Ex-Mueller prosecutor highlights a piece of Trump's Jan. 7 speech that might expose a White House cover-up

Ex-Mueller prosecutor highlights a piece of Trump's Jan. 7 speech that might expose a White House cover-up
FBI Director Robert Mueller testifies during a House Appropriations Committee hearing on the FBI Budget, on Capitol Hill on March 19, 2013 in Washington, D.C. (UPI/Kevin Dietsch via Creative Commons)

Rep. Elaine Luria (D-VA) tweeted a video compilation from the House Select Committee investigating the Jan. 6 attack on Congress

Among the things included in the video were questions to Jared Kushner and Ivanka Trump about the draft of a speech that former President Donald Trump would give on Jan. 7 to help stave off his Cabinet secretaries from invoking the 25th Amendment to remove him from office.

The Jan. 6 committee asked several questions about the speech and what was crossed out by Trump, but Andrew Weissmann, a former prosecutor for ex-special counsel Robert Mueller, noticed something that was included.

"I immediately deployed the National Guard and federal law enforcement to secure the building and expel the intruders," the speech said. "America is, and must always be, a nation of law and order."

The statement is a lie. Trump never deployed the National Guard or law enforcement.

Speaking to MSNBC's Nicolle Wallace on "Deadline White House," Weissmann explained that therein lies a Trump administration cover-up.

"One of the things I was struck by was not what was crossed out but something that was in there and that was the statement that 'I immediately deployed the National Guard and federal law enforcement to secure the building and expel the intruders,'" quoted Weissmann. "So, if I was the Justice Department right now I would view that as a cover-up that Jared Kushner, and Stephen Miller and the former president of the United States engaged in to make it seem like the president had not engaged in a coup and he actually was against what happened on Jan. 6th. And that was actually part of the planned speech. And that's the kind of thing that we want to see the department doing is interviewing those people and issuing grand jury subpoenas and if necessary putting those people in the grand jury and forcing them to testify and account for their actions."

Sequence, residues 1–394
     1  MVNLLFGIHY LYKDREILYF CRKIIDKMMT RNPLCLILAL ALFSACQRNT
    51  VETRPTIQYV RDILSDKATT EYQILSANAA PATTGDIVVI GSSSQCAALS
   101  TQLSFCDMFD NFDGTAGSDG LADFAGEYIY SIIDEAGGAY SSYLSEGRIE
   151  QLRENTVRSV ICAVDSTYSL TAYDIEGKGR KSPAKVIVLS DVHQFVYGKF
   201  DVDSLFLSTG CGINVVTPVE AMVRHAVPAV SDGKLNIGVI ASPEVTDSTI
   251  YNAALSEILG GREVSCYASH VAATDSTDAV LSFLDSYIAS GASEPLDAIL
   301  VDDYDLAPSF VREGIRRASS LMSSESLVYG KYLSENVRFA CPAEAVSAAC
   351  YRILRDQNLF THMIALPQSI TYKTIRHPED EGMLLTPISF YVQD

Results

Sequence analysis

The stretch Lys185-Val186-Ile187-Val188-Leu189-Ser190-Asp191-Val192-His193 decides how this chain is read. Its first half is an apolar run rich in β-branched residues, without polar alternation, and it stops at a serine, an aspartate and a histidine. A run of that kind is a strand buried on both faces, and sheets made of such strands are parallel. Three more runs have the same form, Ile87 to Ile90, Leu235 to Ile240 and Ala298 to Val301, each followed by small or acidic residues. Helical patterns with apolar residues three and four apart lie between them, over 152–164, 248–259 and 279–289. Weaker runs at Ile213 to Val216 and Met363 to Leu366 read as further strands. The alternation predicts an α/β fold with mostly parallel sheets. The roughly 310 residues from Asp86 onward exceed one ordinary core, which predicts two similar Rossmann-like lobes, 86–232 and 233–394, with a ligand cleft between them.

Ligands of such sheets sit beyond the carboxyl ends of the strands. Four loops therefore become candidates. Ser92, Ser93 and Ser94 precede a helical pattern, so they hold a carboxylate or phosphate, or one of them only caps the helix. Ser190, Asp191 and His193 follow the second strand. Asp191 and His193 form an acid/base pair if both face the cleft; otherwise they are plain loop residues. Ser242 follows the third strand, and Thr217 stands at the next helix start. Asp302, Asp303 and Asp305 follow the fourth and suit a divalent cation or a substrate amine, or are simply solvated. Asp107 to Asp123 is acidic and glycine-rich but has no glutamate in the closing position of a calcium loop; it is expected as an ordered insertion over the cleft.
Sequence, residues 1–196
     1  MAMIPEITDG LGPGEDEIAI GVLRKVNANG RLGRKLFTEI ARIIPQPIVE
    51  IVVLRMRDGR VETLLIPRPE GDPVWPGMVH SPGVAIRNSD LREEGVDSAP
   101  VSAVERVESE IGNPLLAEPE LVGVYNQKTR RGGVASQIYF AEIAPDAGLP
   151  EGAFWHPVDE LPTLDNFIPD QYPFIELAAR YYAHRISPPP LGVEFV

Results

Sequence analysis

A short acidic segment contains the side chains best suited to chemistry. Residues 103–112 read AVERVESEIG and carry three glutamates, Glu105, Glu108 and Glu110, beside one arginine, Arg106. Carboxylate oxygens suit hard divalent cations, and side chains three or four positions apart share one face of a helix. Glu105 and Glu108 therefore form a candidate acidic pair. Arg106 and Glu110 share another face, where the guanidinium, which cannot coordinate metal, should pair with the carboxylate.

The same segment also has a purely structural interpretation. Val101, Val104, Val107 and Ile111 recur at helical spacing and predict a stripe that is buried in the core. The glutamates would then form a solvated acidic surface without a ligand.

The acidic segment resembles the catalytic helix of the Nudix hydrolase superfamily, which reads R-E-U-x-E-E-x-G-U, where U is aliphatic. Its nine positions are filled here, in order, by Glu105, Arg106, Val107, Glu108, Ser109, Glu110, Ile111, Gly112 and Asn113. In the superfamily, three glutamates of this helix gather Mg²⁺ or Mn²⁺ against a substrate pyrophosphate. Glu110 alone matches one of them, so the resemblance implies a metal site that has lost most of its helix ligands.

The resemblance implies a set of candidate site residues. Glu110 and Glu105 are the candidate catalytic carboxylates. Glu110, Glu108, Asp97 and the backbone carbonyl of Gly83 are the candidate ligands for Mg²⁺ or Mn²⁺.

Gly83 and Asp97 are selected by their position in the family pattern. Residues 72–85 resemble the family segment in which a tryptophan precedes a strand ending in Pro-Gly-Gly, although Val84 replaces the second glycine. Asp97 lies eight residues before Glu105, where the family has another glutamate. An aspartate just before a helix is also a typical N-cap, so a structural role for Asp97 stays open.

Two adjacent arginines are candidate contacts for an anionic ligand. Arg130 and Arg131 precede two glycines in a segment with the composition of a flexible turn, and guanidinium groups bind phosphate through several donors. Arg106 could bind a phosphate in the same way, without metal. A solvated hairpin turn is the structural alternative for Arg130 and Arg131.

He noted that if that was happening it would be well known by now because while lawyers and jurors must keep the proceeding secret, witnesses can speak out that they appeared before a grand jury.

"So I'm waiting to see that kind of aggressive action by the department," he continued.

He also quoted Punchbowl's Mike Schmidt, who described the DOJ as like a tank that is patient and slow and not a lot happens until they're aimed at the target. That's only when everything explodes.

"I hope that is right. I am somewhat pessimistic, although I do think the Jan. 6th committee has sort of lit a fire under the Department of Justice and that's why you're seeing the heartfelt statements by the attorney general," said Weissmann.

Last week, Attorney General Merrick Garland was short with some of the reporters asking if he was going to do anything about the obvious crimes that were being revealed from the Trump White House by the committee. All Garland would say is that no one is above the law.

"There is a lot of speculation on what the department is doing, what it's not doing, what our theories are and what they aren't, and there will continue to be speculation," said Garland. "That's because of the central tenet of the way in which the Justice Department investigates, a central tenant of the rule of law is that we do not do our investigations in public. This is the most wide-ranging investigation — and the most important investigation — that the Justice Department has ever entered into. And we have done so because this effort to upend a legitimate election, transferring power from one administration to another, cuts at the fundamentals of American democracy. We have to get this right. And for people who are concerned, as every American should be, about protecting democracy, we have to do two things: we have to hold accountable every person who is criminally responsible for trying to overturn a legitimate election, and we must do it in a way filled with integrity and professionalism, the way the Justice Department does elections. Both of these are necessary in order to achieve justice and to protect our democracy."

When pressed on it, specifically with the mention of Trump, Garland snapped at the reporter saying that he doesn't know how else to say it other than no person in the United States is ever above the law.

See the full discussion below and the video from the Jan. 6 committee. You can also watch at this link.

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